For those who can afford it, a pig is sacrificed. The pig sacrifice or, la ru kaj (the pig’s wedding), is much more elaborate and covers a longer period. A young male pig, usually around a month old, is chosen from either the herd or a captured wildling. A sanghi, or partner, is chosen to be dedicated to Suraj Narayan, the brother of Narayan deo, and can be another young pig or a white cock. There is a dedication ceremony that involves feeding the pig before any human and then cutting pieces from the tail as well as castrating the pigs which pieces are buried near the threshold (Fuchs 430). The actual sacrifice may not take place for some time after the dedication, often a year after. During this time the pig is kept somewhat isolated and is under the care of the mistress of the family (Fuchs 431). If all males in the family are dead, then the sacrifice is omitted as only men can perform the actual sacrifice.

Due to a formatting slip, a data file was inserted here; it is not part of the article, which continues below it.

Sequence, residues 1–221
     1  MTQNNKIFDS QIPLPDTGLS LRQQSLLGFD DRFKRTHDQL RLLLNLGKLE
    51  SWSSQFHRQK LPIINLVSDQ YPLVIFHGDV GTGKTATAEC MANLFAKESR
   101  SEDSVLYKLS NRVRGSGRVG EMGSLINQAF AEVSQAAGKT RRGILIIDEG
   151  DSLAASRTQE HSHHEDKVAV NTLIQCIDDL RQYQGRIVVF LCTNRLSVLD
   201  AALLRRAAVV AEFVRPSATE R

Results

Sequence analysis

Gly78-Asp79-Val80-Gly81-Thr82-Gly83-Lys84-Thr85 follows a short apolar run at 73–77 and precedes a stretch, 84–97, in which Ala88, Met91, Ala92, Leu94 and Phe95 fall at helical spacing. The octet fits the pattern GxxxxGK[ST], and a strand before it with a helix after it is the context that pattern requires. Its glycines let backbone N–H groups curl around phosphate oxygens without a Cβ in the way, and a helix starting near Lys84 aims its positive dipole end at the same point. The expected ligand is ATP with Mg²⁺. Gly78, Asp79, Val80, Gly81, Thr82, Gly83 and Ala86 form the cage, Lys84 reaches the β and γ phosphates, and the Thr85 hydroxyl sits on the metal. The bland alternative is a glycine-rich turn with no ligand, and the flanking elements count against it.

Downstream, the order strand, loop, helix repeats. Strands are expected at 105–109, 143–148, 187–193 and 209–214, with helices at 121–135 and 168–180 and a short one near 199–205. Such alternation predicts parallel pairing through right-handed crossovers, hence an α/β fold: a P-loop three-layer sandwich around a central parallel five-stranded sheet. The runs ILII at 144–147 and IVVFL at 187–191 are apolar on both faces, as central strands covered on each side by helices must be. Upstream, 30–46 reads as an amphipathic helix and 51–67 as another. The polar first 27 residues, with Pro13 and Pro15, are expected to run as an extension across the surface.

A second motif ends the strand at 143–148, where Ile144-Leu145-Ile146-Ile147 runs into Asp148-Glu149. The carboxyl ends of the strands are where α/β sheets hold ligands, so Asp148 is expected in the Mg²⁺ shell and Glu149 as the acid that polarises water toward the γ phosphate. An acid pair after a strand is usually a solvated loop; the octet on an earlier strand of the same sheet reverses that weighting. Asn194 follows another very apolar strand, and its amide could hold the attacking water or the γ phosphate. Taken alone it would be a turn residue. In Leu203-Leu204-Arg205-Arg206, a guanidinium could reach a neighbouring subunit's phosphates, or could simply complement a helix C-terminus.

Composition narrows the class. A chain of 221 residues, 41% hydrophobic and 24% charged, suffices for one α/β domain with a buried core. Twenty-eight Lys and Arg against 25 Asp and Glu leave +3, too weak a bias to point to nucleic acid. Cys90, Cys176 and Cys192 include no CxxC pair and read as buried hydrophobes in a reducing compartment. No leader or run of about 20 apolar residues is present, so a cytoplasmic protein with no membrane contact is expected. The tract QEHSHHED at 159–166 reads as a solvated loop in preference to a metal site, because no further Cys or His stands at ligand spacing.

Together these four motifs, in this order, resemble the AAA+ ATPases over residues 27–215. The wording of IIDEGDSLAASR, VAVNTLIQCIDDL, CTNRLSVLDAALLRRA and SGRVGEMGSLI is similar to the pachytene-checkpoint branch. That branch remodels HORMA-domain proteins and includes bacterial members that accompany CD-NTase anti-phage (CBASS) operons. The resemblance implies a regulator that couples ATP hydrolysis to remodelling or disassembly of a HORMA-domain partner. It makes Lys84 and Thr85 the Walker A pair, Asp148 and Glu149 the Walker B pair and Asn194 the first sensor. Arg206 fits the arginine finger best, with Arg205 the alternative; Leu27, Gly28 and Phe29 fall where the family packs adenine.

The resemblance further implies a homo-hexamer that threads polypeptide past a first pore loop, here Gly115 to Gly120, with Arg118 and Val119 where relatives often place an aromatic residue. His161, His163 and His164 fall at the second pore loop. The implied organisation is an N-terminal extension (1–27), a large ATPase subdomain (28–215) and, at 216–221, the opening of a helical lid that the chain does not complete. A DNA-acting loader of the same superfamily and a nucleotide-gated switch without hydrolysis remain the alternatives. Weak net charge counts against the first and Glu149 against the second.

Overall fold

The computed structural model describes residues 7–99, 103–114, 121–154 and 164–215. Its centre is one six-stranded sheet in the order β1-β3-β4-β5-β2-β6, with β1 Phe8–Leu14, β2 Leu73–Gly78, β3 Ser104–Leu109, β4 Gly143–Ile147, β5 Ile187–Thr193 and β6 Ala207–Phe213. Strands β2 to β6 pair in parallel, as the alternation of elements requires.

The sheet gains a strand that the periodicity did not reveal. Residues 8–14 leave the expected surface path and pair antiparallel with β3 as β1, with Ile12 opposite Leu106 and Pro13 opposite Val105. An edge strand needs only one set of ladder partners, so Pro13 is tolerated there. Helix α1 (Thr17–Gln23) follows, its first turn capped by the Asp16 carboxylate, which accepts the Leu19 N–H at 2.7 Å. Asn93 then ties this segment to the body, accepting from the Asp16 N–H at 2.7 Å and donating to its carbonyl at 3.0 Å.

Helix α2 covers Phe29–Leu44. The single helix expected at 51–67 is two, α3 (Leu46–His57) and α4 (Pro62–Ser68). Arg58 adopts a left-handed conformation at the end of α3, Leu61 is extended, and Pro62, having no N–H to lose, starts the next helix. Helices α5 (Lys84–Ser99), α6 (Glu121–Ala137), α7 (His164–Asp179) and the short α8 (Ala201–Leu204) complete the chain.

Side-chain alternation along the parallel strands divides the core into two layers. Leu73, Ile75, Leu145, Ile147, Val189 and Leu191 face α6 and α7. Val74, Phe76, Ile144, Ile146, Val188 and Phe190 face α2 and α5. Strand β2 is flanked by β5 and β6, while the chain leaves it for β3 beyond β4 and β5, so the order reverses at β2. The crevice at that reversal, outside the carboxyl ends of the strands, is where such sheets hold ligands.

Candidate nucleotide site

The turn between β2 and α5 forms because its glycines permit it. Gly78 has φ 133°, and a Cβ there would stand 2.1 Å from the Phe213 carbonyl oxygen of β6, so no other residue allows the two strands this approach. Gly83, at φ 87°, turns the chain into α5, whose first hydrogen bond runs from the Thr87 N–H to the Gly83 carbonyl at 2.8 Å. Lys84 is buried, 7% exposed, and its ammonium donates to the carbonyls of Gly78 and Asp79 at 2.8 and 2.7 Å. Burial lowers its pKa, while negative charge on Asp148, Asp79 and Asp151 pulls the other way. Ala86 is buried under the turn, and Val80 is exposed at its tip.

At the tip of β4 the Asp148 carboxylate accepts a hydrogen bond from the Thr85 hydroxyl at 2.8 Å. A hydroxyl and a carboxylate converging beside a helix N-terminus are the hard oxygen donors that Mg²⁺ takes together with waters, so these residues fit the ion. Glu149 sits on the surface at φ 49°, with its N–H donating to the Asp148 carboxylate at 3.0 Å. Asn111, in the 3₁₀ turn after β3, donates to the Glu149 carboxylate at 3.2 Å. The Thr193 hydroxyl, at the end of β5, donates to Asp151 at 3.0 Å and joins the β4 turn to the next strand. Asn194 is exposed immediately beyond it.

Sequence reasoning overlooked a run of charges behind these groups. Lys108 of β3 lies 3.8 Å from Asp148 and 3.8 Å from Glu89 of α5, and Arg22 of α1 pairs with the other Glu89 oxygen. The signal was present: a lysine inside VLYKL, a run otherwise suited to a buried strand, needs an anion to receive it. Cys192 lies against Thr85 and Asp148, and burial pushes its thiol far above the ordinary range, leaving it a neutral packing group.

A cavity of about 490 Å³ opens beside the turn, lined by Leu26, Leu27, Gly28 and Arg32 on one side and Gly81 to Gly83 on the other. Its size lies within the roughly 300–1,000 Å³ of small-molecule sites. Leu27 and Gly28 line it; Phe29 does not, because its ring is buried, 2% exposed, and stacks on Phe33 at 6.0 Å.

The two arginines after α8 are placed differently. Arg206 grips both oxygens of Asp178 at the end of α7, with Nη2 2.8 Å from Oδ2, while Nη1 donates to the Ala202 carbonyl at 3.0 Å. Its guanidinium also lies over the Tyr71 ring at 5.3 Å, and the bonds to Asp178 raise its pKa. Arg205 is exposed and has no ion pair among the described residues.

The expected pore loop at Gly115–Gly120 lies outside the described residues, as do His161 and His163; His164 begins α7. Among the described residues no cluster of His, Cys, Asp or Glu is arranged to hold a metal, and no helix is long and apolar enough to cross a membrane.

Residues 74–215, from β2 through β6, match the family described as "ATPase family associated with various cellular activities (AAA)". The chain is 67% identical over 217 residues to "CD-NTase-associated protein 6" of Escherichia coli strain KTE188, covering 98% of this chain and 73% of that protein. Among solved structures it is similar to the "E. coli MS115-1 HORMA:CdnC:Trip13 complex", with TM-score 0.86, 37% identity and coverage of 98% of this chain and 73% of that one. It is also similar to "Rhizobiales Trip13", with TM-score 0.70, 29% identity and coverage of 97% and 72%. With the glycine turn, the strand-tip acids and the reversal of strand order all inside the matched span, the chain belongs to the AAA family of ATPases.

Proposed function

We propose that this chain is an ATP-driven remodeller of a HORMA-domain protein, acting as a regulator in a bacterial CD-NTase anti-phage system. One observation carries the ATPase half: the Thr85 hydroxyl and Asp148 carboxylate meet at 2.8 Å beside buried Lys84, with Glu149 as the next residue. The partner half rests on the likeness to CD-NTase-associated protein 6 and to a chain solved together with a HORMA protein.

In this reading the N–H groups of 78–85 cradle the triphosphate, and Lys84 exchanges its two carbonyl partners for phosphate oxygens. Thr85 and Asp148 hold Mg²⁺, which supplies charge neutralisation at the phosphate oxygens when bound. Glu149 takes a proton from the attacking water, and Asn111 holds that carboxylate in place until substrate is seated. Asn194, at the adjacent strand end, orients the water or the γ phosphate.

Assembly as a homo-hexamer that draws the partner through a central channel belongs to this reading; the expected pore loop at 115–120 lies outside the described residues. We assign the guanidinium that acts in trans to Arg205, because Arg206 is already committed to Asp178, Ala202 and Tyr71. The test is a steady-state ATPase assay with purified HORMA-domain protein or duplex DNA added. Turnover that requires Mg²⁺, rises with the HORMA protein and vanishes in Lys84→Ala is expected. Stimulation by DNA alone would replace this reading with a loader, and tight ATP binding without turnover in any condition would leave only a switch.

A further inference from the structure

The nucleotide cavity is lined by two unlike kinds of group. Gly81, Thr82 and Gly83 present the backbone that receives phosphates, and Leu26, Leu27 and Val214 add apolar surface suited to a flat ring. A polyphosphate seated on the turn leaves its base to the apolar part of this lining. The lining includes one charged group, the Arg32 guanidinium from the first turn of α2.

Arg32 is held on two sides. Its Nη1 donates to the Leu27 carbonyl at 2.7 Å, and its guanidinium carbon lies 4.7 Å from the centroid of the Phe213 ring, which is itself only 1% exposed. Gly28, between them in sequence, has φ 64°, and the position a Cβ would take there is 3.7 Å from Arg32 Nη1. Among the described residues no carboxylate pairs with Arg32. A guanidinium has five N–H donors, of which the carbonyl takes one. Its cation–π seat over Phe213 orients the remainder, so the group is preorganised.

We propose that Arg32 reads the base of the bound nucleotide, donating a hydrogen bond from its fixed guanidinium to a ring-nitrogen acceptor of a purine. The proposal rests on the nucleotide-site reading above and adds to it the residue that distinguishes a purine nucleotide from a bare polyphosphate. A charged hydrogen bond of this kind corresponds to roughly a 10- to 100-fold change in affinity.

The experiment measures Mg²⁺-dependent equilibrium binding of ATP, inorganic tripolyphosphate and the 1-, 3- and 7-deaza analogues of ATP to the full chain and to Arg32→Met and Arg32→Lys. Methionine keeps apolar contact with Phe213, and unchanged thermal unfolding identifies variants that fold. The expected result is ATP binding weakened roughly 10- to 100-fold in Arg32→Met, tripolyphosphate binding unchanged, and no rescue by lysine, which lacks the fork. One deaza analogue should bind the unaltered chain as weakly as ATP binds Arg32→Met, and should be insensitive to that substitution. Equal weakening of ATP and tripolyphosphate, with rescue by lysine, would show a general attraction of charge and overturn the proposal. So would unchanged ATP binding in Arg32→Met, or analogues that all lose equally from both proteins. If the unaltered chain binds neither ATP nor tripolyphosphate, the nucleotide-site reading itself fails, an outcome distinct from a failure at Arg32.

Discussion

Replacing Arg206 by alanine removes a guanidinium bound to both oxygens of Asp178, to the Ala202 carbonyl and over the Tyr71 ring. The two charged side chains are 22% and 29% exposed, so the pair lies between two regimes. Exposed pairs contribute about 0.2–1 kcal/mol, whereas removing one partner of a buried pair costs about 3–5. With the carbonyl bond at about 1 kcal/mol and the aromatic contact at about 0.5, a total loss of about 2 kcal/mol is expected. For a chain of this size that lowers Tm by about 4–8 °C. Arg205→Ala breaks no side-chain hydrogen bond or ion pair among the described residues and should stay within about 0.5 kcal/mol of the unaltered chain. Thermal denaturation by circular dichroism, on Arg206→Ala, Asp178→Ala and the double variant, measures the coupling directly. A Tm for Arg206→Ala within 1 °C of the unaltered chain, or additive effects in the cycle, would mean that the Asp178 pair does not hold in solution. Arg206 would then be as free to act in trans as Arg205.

The sacrifice can be done any time within a year of the dedication, but is preferred after the harvest is finished when food is plentiful. Many are invited to attend such family, tribesman, members of the same caste, and the village shaman or priest, but this does vary depending on one’s wealth and resources. Once all the guests have gathered on the first day, the ceremonies start with the sacrifice of the sanghi to Suraj Narayan, which is decapitated and taken before a gum tree to be burnt (Fuchs 432). Through this ceremony and others that follow chants, singing, and incantations are used to ask the gods to accept their offerings. The body is then cut up and boiled to be eaten with rice.
Once the sanghi is sacrificed, the la ru is chased until caught and then fed. Once fed, it is taken to the threshold of the house and suffocated by various methods (Fuchs 433). At the time of death, there is a master of ceremonies, or bhandari, which invokes the acceptance of the appropriate gods. The bhandari is usually the village priest or, in his absence, a prominent man from the area. Usually, the father-in-law of the head of the family acts as the bhandari’s assistant or sonwani (Fuchs 435).